Targeted grade 3-5 toxicities were reported on 56% and 30% of patients after dUCB and Haplo-marrow transplantation, respectively. The frequency of targeted toxicities observed by day +180 after transplantation by organ system and grade attribution and the number of patients experiencing toxicities are summarized in Table 3; there were no grade 5 toxicities reported in either trial between days 0 and +180. In the dUCB recipients, grade 3-5 infusion-related toxicities included hypertension (n = 5), dyspnea/hypoxia (n = 3), allergic/chills (n = 2), nausea/vomiting (n = 2), arrhythmia (n = 1), and hypotension (n = 1). No grade 3-5 toxicities were reported within 24 hours of Haplo-marrow infusion.
After dUCB transplantation, the cumulative incidences of grade II-IV and III-IV acute GVHD at day +100 were 40% (95% CI, 26%-54%) and 21% (95% CI, 6%-37%), respectively (Figure 3A). The cumulative incidence of chronic GVHD at 1 year was 25% (95% CI, 12%-39%; Figure 3B).
NRM, relapse, and survival
After dUCB transplantation, the median follow-up of surviving patients was 365 days (range, 56-411 days). The 1-year cumulative incidence of NRM was 24% (95% CI, 11%-36%) and relapse/progression, 31% (95% CI, 17%-44%; Figure 4A). The most frequent cause of death was relapse (Table 4). Six-month survival, which was the primary end point, was 74% (95% CI, 59%-84%). The 1-year probability of PFS was 46% (95% CI, 31%-60%) and OS 54% (95% CI, 38%-67%; Figure 4B).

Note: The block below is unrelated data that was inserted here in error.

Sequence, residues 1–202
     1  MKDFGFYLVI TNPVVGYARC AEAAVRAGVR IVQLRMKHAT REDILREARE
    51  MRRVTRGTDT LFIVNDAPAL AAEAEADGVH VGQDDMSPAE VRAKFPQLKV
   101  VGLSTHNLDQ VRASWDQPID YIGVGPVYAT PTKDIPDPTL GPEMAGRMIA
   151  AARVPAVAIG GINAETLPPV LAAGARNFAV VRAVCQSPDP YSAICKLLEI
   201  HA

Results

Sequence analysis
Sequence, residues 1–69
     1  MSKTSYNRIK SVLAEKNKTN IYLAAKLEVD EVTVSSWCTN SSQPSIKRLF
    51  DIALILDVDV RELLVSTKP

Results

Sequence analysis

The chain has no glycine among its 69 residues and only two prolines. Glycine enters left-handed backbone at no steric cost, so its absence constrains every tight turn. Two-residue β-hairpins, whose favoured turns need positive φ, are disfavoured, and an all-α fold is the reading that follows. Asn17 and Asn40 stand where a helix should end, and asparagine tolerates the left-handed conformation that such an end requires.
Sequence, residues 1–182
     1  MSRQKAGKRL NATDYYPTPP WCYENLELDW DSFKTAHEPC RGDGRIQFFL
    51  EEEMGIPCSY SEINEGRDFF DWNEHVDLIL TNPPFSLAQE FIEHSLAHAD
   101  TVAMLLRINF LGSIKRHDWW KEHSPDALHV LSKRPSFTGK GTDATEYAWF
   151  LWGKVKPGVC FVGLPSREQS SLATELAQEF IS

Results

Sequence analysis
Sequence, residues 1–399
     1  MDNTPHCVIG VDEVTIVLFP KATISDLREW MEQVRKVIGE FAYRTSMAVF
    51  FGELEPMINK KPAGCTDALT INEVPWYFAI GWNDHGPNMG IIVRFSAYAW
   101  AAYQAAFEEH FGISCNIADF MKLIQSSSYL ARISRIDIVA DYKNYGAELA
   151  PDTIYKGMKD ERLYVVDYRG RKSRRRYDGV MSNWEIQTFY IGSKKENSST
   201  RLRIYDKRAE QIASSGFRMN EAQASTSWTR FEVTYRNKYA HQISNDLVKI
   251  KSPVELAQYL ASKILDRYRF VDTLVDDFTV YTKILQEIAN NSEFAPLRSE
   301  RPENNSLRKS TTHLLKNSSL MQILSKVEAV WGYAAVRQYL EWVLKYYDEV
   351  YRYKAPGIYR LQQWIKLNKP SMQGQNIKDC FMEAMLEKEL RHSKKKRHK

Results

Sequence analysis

After Haplo-marrow transplantation, the median follow-up of surviving patients was 357 days (range 103-441). The 1-year cumulative incidence of NRM was 7% (95% CI, 0%-15%) and relapse/progression was 45% (95% CI, 30%-61%; Figure 4C). The most frequent cause of death was also relapse (Table 4). Six-month survival, which was the primary end point, was 84% (95% CI, 70%-92%). The 1-year probability of PFS was 48% (95% CI, 32%-62%) and OS 62% (95% CI, 44%-76%; Figure 4D).
Our approach of running parallel multicenter phase 2 trials with identical objectives, eligibility criteria, and clinical end points achieved the important strategic objective of reproducing the encouraging single-center results with dUCB and Haplo-marrow transplantation reported previously.8,10 Centers were not required to participate in both trials and patients were not randomly assigned to one trial or the other, so the outcomes were not and should not be compared directly. However, our data suggest that survival rates after RIC and either dUCB or Haplo-marrow transplantation are comparable to survival rates in patients with high-risk hematologic malignancies who were transplanted with blood or marrow from matched unrelated donors after RIC in a registry-based study.1